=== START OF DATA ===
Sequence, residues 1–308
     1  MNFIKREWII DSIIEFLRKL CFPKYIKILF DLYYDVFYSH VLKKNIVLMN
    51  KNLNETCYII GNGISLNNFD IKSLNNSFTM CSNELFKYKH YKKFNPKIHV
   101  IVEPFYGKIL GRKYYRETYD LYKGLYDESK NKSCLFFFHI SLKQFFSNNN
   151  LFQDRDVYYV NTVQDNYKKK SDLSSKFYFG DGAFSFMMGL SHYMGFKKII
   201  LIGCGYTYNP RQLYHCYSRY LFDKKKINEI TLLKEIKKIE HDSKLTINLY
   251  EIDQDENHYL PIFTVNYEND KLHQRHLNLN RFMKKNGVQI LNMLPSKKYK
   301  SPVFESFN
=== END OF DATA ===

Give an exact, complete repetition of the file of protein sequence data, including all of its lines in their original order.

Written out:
Sequence, residues 1–308
     1  MNFIKREWII DSIIEFLRKL CFPKYIKILF DLYYDVFYSH VLKKNIVLMN
    51  KNLNETCYII GNGISLNNFD IKSLNNSFTM CSNELFKYKH YKKFNPKIHV
   101  IVEPFYGKIL GRKYYRETYD LYKGLYDESK NKSCLFFFHI SLKQFFSNNN
   151  LFQDRDVYYV NTVQDNYKKK SDLSSKFYFG DGAFSFMMGL SHYMGFKKII
   201  LIGCGYTYNP RQLYHCYSRY LFDKKKINEI TLLKEIKKIE HDSKLTINLY
   251  EIDQDENHYL PIFTVNYEND KLHQRHLNLN RFMKKNGVQI LNMLPSKKYK
   301  SPVFESFN